Wednesday, February 23, 2011

Sitting Pretty in Ikat

Lately I've been obsessed with decorating ideas for our new place. It's the first apartment I've lived in where I feel really comfortable and where I actually find myself spending time thinking about what will fill the walls and what color living room I'd like to eat my toast in on Saturday mornings. Right now I'm in love with ikat textiles on just about anything -- chairs, pillows, ottomans. I'd especially love having curtains in the blue and white pattern from the chair in the top left corner. Since there's so much brown in our living room, I think it'd make for a really nice contrast.

1. Urban Outfitters Indigo Ikat Slipper Chair $329
2. Madeline Weinrib Celery Daphne pillow
3. Dwell Studio Diamond Ikat Citrine Pillow $58
4. West Elm Essex upholstered ottoman $299
5. Bergere chair covered in Alan Campbell fabric (

Tuesday, February 22, 2011

Mac and Cheese Love

This past Saturday was rainy and gray and made me want to bundle up under a million blankets and eat warm, good, gooey things. This inspired me to try my hand at making another batch of mac and cheese, one of my most favorite things to eat of all time. I've tried a few recipes in the past and none were quite memorable, including Ina Garten's version which left me oddly disappointed. That all changed this weekend when I tried the Pioneer Woman's Fancy Macaroni recipe. Holy heck. It was amazingly cheesy, gooey, savory, and flavorful--the best macaroni and cheese I've ever had. This recipe calls for caramelized onions and lots of bacon, which I think lends a lovely meatiness to the pasta, making this a great stand alone dish and not just a delicious side.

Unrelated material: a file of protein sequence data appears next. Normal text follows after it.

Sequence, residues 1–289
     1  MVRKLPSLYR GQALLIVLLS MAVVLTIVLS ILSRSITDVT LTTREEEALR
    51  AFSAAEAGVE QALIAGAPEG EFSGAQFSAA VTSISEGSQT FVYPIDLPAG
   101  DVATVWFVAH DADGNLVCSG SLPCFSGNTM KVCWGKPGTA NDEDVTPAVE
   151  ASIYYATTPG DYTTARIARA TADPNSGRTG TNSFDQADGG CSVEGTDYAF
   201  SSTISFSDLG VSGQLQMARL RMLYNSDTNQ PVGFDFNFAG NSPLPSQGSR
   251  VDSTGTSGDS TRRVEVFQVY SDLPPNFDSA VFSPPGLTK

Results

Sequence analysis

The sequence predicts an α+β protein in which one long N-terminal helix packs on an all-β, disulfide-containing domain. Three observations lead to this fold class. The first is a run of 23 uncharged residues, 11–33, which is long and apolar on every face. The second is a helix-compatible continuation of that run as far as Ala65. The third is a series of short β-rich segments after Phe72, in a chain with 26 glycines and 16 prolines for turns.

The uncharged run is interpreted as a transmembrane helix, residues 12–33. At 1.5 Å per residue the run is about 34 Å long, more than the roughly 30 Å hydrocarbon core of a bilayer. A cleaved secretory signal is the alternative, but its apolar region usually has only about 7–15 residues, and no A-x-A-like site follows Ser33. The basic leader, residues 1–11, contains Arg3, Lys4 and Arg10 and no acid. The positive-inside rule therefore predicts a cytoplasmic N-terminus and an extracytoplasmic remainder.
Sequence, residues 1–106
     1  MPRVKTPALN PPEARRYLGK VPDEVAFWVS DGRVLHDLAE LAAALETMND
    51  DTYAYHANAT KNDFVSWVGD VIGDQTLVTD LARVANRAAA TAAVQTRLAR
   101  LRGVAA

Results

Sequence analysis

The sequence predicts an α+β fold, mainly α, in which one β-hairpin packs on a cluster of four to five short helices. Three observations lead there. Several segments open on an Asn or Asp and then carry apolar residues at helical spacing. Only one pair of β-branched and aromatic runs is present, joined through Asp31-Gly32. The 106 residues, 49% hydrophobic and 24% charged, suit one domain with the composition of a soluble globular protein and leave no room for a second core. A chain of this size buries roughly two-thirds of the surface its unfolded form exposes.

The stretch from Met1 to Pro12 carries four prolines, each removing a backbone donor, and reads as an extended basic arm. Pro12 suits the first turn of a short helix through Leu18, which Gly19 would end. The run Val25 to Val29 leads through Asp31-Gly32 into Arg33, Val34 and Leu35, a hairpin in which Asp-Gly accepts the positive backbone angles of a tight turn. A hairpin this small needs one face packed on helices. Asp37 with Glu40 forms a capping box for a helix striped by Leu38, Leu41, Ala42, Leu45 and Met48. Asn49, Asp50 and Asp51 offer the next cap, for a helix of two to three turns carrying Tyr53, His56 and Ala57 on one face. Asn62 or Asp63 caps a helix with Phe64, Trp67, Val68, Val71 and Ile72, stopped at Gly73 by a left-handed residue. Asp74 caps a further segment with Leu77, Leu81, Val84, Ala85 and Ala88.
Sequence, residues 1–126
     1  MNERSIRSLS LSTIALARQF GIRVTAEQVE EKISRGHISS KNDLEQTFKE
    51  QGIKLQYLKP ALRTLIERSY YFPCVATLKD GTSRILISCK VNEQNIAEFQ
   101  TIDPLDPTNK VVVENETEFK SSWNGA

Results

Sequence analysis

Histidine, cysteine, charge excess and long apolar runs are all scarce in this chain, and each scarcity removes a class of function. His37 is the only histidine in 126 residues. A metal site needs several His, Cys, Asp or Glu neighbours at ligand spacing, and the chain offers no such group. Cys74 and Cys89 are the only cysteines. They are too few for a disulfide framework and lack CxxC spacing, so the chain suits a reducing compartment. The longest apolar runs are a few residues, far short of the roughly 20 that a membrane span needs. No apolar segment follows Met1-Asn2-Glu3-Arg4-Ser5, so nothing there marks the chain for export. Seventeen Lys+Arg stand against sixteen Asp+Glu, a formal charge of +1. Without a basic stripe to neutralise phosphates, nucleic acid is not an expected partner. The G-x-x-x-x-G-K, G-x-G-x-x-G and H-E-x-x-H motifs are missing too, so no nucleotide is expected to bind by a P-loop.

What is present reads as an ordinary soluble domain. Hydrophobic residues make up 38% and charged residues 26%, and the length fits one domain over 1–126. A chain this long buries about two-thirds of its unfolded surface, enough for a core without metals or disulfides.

The cheeses I used were chevre (a soft goat cheese), parmesan, and a blend of gruyere, fontina, and swiss. Next time I think I might cut back on the goat cheese a bit since it's not a flavor I particularly enjoy, although it did add a nice tanginess.

Before baking...

After baking glory.

Now, I don't want to sound all crazy here, but I do believe this mac and cheese is just the thing Usher is talking about in his song OMG. Allow me...

"There's so many ways to love ya
Got me like oh my gosh, I'm so in love
I found you finally, you make me want to say
oh, oh, oh, oh, oh, oh, oh, oh, oh"

(I know what you're thinking. But what can I say? I'm a woman in love!)

Friday, February 18, 2011

Elbow Patches and Classic Camel

H&M blazer and shirt, Anthropologie necklace

Last week, I was in the City for a birthday party at Twenty Five Lusk, a posh restaurant and bar that serves fancy dishes like roasted marrow bone with poached duck egg and soft pretzels with truffle gruyere sauce (which is where I originally got the idea to make these). Since we happened to make it there way ahead of schedule, we grabbed happy hour tacos and margaritas and then did a little bit of shopping. I couldn't resist this camel-colored blazer with chocolate brown elbow pads. It's fully-lined, too, which makes for adorable folded cuffs. When Alan saw it, he said it looked like Paddington Bear which made me like it even more.

A few other pieces I'd love to accessorize this blazer with are these Hunter wellies (so classic!) and this bag from H&M (a much more affordable version of this cute bag).

Wednesday, February 16, 2011

A Piece of Home in Phnom Penh: Brown Coffee

[jasmine flower bundle. they give off an intoxicating fragrance]